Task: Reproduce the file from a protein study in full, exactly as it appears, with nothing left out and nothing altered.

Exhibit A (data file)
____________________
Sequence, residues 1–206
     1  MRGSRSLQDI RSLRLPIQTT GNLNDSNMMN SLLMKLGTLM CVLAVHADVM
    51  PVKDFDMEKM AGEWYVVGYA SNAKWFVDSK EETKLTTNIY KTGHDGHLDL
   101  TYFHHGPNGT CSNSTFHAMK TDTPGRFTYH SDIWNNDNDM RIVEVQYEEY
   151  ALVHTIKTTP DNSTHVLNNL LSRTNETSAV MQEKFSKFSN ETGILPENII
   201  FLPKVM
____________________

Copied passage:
Sequence, residues 1–206
     1  MRGSRSLQDI RSLRLPIQTT GNLNDSNMMN SLLMKLGTLM CVLAVHADVM
    51  PVKDFDMEKM AGEWYVVGYA SNAKWFVDSK EETKLTTNIY KTGHDGHLDL
   101  TYFHHGPNGT CSNSTFHAMK TDTPGRFTYH SDIWNNDNDM RIVEVQYEEY
   151  ALVHTIKTTP DNSTHVLNNL LSRTNETSAV MQEKFSKFSN ETGILPENII
   201  FLPKVM